Moving workloads to the cloud has led organisations and IT administrators to lose control over workloads and relinquish many critical aspects of cybersecurity.
As a result, what is considered ‘inside’ in an on-premises based world is suddenly ‘outside’ in a publicly hosted cloud infrastructure.
Hackers can have similar access to publicly hosted workloads as IT administrators using standard connection methods, protocols and public APIs. As a result, the whole world becomes an insider threat. Workload security, therefore, is defined by the people who can access those workloads and the permissions they have.
The problem lies with the practicality and flexibility associated with cloud environments. Cloud administrators frequently grant extensive permissions to groups of users to enable them to accomplish tasks seamlessly.
In practice, most users use only a small portion of the permissions granted to them and have no business need for all of them. This represents a serious security gap since if these user credentials were ever to fall into malicious hands, attackers would have extensive access to sensitive data and resources.
According to Gartner’s Managing privileged access in cloud infrastructure report, by 2023, 75% of cloud security failures will be attributable to inadequate management of identities, access, and privileges.
The top three blind spots are:
1. Not understanding the difference between used and granted permissions
Eighty percent of excessive permissions are based on roles. In a cloud environment where the resources are hosted ‘outside’ the organisation, the access permissions to the network define the organisation’s threat surface.
Unnecessary permissions stem from the gap between what users need to get their job done and what they have in terms of permissions. Put differently, it is the gap between defined and used permissions. The difference between these two is your organisation’s attack surface.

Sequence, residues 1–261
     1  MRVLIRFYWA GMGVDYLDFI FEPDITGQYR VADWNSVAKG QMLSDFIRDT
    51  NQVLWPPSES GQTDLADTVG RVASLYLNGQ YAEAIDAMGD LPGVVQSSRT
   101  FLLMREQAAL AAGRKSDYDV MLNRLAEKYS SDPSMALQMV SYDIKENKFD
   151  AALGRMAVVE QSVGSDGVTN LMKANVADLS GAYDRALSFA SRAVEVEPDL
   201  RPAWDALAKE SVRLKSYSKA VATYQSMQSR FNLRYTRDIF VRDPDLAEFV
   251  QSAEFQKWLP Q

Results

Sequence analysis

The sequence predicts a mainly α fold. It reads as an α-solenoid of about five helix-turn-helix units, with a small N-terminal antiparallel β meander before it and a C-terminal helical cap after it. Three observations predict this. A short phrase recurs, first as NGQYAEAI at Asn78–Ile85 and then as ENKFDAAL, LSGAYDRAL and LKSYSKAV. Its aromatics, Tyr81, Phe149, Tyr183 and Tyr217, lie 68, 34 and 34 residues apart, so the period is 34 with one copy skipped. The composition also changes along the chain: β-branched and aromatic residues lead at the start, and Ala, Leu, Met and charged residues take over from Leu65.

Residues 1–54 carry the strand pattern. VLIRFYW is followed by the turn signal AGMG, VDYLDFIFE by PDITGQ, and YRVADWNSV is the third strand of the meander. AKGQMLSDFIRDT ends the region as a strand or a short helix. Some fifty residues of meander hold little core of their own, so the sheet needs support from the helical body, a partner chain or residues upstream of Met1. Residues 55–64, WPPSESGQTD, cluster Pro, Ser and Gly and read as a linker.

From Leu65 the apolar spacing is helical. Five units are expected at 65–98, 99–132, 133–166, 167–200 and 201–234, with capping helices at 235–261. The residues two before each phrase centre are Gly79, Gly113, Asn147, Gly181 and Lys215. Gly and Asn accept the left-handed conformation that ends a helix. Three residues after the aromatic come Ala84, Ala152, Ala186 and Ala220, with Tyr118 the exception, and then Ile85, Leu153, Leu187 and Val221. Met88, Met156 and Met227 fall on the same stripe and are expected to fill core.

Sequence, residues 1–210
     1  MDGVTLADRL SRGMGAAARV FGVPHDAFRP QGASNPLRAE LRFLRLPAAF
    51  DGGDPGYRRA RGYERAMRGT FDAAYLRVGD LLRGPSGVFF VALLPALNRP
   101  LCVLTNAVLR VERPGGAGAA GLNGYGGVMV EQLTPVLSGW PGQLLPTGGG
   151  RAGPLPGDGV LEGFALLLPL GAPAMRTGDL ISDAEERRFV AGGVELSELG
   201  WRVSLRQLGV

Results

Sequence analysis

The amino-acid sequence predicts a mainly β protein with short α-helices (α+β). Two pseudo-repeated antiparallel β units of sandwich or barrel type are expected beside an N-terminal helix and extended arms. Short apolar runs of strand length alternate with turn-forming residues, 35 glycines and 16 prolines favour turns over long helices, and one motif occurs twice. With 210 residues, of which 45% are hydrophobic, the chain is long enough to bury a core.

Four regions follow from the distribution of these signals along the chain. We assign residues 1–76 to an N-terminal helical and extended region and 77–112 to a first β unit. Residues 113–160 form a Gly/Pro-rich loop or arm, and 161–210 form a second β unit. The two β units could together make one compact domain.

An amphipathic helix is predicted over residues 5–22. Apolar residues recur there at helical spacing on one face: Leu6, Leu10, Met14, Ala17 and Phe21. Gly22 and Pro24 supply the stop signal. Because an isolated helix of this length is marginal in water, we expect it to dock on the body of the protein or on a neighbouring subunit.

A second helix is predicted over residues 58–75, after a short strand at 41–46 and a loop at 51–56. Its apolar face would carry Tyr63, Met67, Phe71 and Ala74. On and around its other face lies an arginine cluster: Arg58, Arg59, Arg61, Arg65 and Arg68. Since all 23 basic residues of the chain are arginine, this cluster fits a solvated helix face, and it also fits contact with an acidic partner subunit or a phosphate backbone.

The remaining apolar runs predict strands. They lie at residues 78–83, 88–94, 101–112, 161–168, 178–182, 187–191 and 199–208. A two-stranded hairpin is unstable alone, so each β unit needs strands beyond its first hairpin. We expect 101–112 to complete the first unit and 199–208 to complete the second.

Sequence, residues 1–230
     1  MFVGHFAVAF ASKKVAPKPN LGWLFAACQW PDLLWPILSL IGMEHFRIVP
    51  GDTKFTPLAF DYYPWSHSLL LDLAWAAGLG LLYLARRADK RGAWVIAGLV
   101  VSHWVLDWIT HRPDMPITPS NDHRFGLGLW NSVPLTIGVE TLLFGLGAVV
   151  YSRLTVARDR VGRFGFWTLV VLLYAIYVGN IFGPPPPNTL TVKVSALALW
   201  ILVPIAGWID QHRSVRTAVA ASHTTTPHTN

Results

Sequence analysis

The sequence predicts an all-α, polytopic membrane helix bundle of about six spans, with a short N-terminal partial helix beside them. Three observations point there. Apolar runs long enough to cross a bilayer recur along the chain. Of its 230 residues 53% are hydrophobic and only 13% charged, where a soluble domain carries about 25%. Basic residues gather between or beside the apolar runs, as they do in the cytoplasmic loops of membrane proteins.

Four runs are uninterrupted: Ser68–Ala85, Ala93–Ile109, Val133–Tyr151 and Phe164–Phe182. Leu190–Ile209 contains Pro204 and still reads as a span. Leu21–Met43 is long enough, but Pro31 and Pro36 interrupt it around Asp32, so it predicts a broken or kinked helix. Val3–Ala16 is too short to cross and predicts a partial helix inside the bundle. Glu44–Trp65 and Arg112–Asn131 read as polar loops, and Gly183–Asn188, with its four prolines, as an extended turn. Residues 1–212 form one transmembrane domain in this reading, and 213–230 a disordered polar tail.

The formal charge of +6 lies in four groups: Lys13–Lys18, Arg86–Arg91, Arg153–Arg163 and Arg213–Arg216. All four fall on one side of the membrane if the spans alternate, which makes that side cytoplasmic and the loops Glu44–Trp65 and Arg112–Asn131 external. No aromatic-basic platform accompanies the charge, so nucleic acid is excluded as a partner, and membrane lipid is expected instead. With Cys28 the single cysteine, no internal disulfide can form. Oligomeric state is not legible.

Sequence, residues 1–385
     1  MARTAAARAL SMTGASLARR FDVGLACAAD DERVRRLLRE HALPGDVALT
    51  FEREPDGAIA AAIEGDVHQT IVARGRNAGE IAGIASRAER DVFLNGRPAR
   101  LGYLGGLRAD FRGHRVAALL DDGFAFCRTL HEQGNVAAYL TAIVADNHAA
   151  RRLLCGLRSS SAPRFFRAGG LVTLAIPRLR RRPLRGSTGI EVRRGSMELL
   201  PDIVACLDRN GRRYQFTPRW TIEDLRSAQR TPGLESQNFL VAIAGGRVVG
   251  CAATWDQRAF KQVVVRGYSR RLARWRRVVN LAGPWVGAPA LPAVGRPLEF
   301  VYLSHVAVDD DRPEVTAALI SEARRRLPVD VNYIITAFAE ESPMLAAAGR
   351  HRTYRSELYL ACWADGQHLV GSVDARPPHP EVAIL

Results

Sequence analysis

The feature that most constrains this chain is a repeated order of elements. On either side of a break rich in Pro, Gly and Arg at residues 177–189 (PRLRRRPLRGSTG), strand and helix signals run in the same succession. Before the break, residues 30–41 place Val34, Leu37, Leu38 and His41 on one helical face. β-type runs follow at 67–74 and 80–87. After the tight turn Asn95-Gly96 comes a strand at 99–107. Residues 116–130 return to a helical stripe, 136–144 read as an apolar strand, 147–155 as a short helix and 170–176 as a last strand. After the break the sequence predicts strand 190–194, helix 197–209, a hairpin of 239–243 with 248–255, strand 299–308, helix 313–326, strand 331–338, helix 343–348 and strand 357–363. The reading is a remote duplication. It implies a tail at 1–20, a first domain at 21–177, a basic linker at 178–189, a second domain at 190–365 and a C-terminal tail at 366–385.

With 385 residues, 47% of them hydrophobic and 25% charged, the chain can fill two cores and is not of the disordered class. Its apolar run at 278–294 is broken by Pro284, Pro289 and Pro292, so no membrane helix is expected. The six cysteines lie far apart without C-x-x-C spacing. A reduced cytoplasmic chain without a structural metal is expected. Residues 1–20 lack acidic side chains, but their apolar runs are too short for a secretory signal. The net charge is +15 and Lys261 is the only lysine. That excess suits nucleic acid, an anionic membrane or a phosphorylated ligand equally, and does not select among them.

Understanding the difference between used and granted permissions is one of the biggest blind spots that lead to a data breach. This is why it is important to monitor and analyse this gap constantly to make sure that it is as small as possible, and consequently, that the attack surface is equally small.
2. The problem isn’t detection, it’s correlation
Cyber security alerts have become the proverbial ‘boy who cried wolf.’ According to a multitude of third-party reports, the average security operations centre handles approximately 10,000 alerts per day.
When security teams are overloaded with alerts, indicative alerts of potentially malicious activity are often overlooked and lost in the sea of warnings. The lack of visibility to delete all the alerts that matter the most is the driver behind one of the biggest cloud security blind spots for organisations. It is critical that security teams have a unified view across multiple cloud environments and accounts with built-in alert scoring for efficient prioritisation.
3. An inability to connect the dots
Data breaches don’t happen instantly, they unfold over time. They’re a long process of trial and error by the attacker, comprising numerous small steps and activities as the attacker attempts to gain access to sensitive data.
These small steps and activities, many of which are low or medium-priority events, are frequently overlooked. Making matters worse, the average time for detecting a data breach is six months. Even if individual events are detected, they are frequently forgotten when the next related event is detected. The ‘dots’ never get connected.
The ability to correlate individual events/alerts over time into an attack ‘storyline’ can help mitigate another major cloud security blind spot for organisations and is critical to stopping a data breach before it happens.
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